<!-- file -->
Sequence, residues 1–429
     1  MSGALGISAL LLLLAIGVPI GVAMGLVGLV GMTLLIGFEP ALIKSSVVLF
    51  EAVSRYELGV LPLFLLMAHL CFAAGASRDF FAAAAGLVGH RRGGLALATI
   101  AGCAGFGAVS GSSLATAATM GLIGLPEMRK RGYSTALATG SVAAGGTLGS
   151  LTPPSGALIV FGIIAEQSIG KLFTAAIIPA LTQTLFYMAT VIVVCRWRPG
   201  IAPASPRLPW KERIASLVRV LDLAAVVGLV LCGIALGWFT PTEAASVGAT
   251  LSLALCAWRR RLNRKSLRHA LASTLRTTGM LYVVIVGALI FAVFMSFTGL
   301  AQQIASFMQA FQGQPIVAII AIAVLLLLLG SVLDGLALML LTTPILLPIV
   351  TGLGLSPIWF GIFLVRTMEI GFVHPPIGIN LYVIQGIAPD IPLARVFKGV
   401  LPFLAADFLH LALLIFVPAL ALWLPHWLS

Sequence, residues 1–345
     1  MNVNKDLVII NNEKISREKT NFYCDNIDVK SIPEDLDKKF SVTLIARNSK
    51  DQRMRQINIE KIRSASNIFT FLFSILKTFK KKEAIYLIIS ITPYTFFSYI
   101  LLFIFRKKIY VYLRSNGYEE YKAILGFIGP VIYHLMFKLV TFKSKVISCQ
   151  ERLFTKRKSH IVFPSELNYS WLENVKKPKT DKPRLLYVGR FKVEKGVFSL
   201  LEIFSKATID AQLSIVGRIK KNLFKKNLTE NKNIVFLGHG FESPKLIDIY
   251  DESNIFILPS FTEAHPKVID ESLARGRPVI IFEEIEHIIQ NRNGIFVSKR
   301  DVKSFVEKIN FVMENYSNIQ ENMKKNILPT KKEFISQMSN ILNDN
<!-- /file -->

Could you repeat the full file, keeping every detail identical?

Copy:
Sequence, residues 1–429
     1  MSGALGISAL LLLLAIGVPI GVAMGLVGLV GMTLLIGFEP ALIKSSVVLF
    51  EAVSRYELGV LPLFLLMAHL CFAAGASRDF FAAAAGLVGH RRGGLALATI
   101  AGCAGFGAVS GSSLATAATM GLIGLPEMRK RGYSTALATG SVAAGGTLGS
   151  LTPPSGALIV FGIIAEQSIG KLFTAAIIPA LTQTLFYMAT VIVVCRWRPG
   201  IAPASPRLPW KERIASLVRV LDLAAVVGLV LCGIALGWFT PTEAASVGAT
   251  LSLALCAWRR RLNRKSLRHA LASTLRTTGM LYVVIVGALI FAVFMSFTGL
   301  AQQIASFMQA FQGQPIVAII AIAVLLLLLG SVLDGLALML LTTPILLPIV
   351  TGLGLSPIWF GIFLVRTMEI GFVHPPIGIN LYVIQGIAPD IPLARVFKGV
   401  LPFLAADFLH LALLIFVPAL ALWLPHWLS

Sequence, residues 1–345
     1  MNVNKDLVII NNEKISREKT NFYCDNIDVK SIPEDLDKKF SVTLIARNSK
    51  DQRMRQINIE KIRSASNIFT FLFSILKTFK KKEAIYLIIS ITPYTFFSYI
   101  LLFIFRKKIY VYLRSNGYEE YKAILGFIGP VIYHLMFKLV TFKSKVISCQ
   151  ERLFTKRKSH IVFPSELNYS WLENVKKPKT DKPRLLYVGR FKVEKGVFSL
   201  LEIFSKATID AQLSIVGRIK KNLFKKNLTE NKNIVFLGHG FESPKLIDIY
   251  DESNIFILPS FTEAHPKVID ESLARGRPVI IFEEIEHIIQ NRNGIFVSKR
   301  DVKSFVEKIN FVMENYSNIQ ENMKKNILPT KKEFISQMSN ILNDN